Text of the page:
Barclays Plc (BARC), the U.K.'s second-largest bank by assets, is selling an exchange-traded note tied to public companies with female executives, betting on demand for products that promote women in leadership.
The ETN tracks an index created by the London-based bank that follows the performance of U.S. firms with a female chief executive officer or a board of directors that's at least 25% women, said Sue Meirs, Barclays' chief operating officer for equity and funds structured-market sales. The Women in Leadership ETN began trading Thursday.
Barclays joins a series of money managers creating similar products as attention grows on the lack of corporate diversity and the benefits of females in management. Women make up 4.8% of chief executive officers and 16.9% of board seats in Fortune 500 companies, according to New York-based Catalyst Inc.
“There's this large and growing pool of investors that have socially responsible mandates,” Ms. Meirs said. “We're moving into this exchange-traded way of investing in diversity.”
Sallie Krawcheck, principal at Ellevate Asset Management, teamed up last month with Pax World Management on an index fund focused on firms that advance women. The product is the successor to the Pax World Global Women's Equality Fund (PXWEX) which gained 24% in the past year through July 7, trailing 56% of peers, according to data compiled by Bloomberg.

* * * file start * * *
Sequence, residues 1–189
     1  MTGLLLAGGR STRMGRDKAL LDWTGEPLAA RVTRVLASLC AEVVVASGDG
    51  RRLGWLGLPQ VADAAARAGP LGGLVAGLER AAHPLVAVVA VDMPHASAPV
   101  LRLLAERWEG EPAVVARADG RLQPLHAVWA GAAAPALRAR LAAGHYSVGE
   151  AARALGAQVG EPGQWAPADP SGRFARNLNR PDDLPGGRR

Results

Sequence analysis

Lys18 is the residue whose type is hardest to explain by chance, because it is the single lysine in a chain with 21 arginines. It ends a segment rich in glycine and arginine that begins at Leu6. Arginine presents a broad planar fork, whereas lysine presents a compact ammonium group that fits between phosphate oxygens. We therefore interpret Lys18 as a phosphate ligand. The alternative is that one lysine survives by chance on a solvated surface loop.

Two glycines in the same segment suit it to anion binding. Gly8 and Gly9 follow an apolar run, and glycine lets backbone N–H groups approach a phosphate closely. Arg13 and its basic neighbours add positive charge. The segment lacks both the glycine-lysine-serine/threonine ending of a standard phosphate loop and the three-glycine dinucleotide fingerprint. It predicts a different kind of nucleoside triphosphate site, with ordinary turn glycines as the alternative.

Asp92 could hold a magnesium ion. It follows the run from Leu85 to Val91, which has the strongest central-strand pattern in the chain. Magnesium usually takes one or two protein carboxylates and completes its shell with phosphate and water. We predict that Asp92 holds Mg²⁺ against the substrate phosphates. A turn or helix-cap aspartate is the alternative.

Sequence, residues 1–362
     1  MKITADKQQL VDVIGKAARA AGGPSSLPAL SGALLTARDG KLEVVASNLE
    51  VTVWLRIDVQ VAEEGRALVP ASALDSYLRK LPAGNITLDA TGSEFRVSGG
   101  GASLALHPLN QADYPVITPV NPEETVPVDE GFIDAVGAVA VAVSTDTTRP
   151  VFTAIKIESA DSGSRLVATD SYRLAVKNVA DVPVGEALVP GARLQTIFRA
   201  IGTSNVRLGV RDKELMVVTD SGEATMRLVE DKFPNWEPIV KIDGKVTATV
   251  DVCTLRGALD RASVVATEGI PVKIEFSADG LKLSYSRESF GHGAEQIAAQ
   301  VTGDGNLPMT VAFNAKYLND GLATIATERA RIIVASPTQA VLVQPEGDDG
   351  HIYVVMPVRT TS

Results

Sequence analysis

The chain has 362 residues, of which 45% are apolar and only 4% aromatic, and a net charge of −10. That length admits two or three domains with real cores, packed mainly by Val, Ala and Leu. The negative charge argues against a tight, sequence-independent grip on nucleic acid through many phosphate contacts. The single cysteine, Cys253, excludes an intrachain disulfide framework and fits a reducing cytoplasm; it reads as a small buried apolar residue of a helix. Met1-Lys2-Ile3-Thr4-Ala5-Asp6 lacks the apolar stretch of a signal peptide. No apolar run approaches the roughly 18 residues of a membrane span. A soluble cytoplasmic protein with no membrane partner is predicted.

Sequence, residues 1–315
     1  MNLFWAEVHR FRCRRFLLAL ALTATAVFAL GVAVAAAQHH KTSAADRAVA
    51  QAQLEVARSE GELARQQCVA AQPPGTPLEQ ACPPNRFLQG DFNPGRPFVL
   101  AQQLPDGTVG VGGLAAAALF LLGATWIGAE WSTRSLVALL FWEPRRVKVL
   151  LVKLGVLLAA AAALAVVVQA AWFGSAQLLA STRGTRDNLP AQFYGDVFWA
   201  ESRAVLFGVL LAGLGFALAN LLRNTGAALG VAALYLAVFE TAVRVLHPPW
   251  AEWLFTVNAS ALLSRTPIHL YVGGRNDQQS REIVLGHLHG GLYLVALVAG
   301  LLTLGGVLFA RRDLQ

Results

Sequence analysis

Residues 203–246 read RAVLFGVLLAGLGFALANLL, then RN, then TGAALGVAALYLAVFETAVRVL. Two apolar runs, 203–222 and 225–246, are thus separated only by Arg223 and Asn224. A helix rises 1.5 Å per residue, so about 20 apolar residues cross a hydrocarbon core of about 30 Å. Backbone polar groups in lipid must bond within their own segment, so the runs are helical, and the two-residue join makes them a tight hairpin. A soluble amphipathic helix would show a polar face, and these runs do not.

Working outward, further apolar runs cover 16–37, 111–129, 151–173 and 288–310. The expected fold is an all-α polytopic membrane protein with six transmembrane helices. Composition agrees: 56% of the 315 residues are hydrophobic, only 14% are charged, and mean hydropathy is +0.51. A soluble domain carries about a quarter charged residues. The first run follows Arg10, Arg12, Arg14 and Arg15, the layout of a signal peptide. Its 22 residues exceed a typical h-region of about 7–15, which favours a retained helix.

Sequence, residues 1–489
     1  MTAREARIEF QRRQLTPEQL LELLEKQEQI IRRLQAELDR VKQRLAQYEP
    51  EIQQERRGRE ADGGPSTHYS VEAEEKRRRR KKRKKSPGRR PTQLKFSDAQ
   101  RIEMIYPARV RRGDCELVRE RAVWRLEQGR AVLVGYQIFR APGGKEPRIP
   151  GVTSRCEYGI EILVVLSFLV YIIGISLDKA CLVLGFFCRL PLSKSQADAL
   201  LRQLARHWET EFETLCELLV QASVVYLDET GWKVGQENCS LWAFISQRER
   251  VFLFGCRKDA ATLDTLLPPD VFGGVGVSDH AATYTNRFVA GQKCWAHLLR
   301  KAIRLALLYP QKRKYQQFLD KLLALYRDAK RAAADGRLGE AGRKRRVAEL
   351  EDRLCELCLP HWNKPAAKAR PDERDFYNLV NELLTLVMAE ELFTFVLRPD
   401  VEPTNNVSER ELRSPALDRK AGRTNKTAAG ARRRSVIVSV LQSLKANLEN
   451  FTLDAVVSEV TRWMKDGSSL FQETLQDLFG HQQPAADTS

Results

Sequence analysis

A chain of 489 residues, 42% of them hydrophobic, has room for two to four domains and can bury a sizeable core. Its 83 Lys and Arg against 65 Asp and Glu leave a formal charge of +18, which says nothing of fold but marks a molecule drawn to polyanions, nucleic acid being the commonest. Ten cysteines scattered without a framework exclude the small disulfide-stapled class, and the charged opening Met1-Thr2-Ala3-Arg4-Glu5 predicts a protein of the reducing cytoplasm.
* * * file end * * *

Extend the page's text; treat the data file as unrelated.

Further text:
Bank of America Corp. and Morgan Stanley (MS) have set gender criteria such as the number of women on corporate boards for some of the investments they offered to wealth-management clients in the past year.
The Barclays index includes 83 U.S.-based companies that are listed on the Nasdaq or New York Stock Exchange and have at least $250 million in market capitalization, said Ms. Meirs, who is based in New York. Thirty-five have female CEOs including Ginni Rometty at International Business Machines Corp. and Marissa Mayer at Yahoo! Inc.
ETNs are contracts between investors and banks that are less regulated than mutual funds. They are backed only by their issuer's credit, unlike exchange-traded funds and mutual funds, which hold assets.